I’ve been playing around with Periscope, the new live streaming app you can get on iphone and droid smartphones. I encourage everyone to download it and check it out (and follow me there!). Recently, while grocery shopping, I thought I’d try live streaming to see if anyone was interested in hearing and seeing the types of foods I buy. Interestingly, there were people who joined throughout the entire 20 minutes or so and a few folks who asked questions.
I saved a copy of my “scope” here and uploaded to YouTube. Feel free to watch it here to see what types of products we buy.
You can find more of my food allergy posts, tips & recipes on my Food Allergy page. I’d also love to connect with you on my Marketing Mama facebook page and twitter. This post, and all posts on this blog, are written from my experiences as a parent of a child with food allergies. I am not a medical expert and encourage you to consult with a doctor on your personal medical situation.
We don’t keep secrets in our family, but we can keep surprises.
Secrets are usually something bad that can hurt someone, while surprises are something good, such as a present!
Along with that, I’ve taught my children that if any adults ever say to them, “Don’t tell your Mom (or Dad) about this,” that it’s VERY important they tell me right away and I will never be mad at them for doing so. Grown ups only say that if they did something wrong, but when it comes to the safety of my children, I need to know about it. Adults should not be forming secrets with children, period. It’s not healthy for the kids and it sets up a bad power dynamic between the adult and the child. Feeling the pressure of keeping a secret for an adult can create unneeded stress and anxiety for children.
The same goes true the other way – babysitters and teachers should never say to a child “I won’t tell your Mom (or Dad) about this” in order to cover up for the child. I know sometimes people are tempted to do this. The child might plead, “Please don’t tell my mom or dad.” Or the adult might use it as leverage, “I won’t tell your parents about this IF… ” which is also unfair to the child.
Kids make mistakes. Adults make mistakes. But when we keep them secret, they can become shameful, embarrassing and can even be hurtful when they come out later.
We visited the Zweber Farm (part of Organic Valley) a couple years ago and had a great time. Experiencing an organic farm first hand had a big impact on me and my children, especially helping us better understand the differences between conventional and organic dairy foods. We became big “Organic Valley” fans (and customers) from that day on!
Organic Valley is hosting its annual Farm Discovery tour this month – a great opportunity for you and your family to tour a local organic farm, learn about where your food comes from, eat organic food and participate in interactive activities like butter making.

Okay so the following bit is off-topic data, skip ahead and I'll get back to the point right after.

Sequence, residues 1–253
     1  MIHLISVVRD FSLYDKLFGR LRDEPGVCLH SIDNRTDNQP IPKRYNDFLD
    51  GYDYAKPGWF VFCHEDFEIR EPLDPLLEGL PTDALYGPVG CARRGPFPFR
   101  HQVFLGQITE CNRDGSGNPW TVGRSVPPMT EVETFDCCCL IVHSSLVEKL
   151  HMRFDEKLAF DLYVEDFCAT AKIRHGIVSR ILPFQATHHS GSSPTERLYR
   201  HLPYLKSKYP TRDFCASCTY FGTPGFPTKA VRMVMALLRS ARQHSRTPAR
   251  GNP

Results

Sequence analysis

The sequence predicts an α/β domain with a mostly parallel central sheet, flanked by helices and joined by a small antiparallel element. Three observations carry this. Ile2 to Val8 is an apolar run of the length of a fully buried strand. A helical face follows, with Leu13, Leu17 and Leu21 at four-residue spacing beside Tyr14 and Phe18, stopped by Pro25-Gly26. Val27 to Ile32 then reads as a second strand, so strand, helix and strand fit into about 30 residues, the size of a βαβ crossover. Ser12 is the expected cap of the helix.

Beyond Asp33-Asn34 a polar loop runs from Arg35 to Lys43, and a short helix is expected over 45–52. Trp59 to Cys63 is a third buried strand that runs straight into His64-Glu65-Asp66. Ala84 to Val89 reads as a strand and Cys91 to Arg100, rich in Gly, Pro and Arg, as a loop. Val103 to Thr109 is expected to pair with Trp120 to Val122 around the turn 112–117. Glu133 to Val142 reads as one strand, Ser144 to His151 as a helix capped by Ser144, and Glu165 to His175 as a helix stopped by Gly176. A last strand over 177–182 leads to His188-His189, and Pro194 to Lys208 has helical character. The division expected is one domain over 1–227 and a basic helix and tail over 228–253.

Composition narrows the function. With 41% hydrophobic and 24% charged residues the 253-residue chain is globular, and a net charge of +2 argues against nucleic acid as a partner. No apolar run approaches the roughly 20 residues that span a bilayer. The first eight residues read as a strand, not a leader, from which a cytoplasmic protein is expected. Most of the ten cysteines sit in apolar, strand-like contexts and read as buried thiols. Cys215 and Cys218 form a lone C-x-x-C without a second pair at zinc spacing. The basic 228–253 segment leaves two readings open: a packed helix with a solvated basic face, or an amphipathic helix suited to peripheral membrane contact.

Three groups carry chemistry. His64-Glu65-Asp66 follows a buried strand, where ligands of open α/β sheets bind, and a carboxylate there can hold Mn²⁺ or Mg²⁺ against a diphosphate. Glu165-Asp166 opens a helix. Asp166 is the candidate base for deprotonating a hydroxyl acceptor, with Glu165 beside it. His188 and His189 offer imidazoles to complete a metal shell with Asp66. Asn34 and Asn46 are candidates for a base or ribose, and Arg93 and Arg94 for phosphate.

The free public event for the MN farm will be held Saturday, June 27, and you can register for a tour near you on their website. Visit this page to find Organic Valley farms across the country to see where they have farms near you.
Disclosure: This blog post outlines details from a Mylan Blogger Summit I attended in May 2015. Mylan (the pharma company that makes EpiPens) paid for my travel expenses and for my Disneyland Resort park ticket in exchange for my evaluation and feedback on information presented during the meeting. All comments made by me about EpiPen (epinephrine injection) Auto-Injector, Mylan, and/or the Mylan Blogger Summit are at my own discretion and based on my own opinions.
As a food allergy parent and advocate (see food allergy posts here), I occasionally have the opportunity to partner with various companies to help increase awareness of food allergies and anaphylaxis. Those of you who know me understand that I’m very cautious about these types of relationships and am very careful to make sure that the relationships are mutually beneficial. By this, I mean that I’m not willing to simply be a “mouthpiece” for a company in exchange for a free meal or, in this case, a free trip. There needs to be something compelling that will either help me to be a better parent/manage my daughter’s food allergies and/or allows me to help other families as an advocate.
I’ve been invited to attend multiple blogger events hosted by Mylan over the past few years. I’ve been able to attend one a few years ago in New York and, most recently, one in California last month. They definitely make these events worth my while because they give me the ability to:
It was last Monday night, Memorial Day actually, and I had just laid down on the couch with a sigh after putting away the last of laundry, cleaning up the kitchen, wiping down counters and getting the kids ready for bed. A typical weeknight scene around here. But then something weird happened.
The upper part of my stomach, right up near my chest started cramping up.
I was dizzy.
Nausea hit me so hard I ran for the bathroom.
And then cold sweats, so hot and cold at the same time that I started stripping off all my clothes because I couldn’t decide what temperature I was. I found my way to bed and lay down, breathing rapidly and was slightly disoriented. Something was wrong. I knew it wasn’t normal. I was worried.
My mind raced, thinking about what could possibly be happening. And then it hit me… I grabbed my phone and looked up “heart attack symptoms for women” because I remembered learning they are “different for women than they are for men” and that many women don’t recognize the signs in themselves. Here’s what I found from American Heart Association: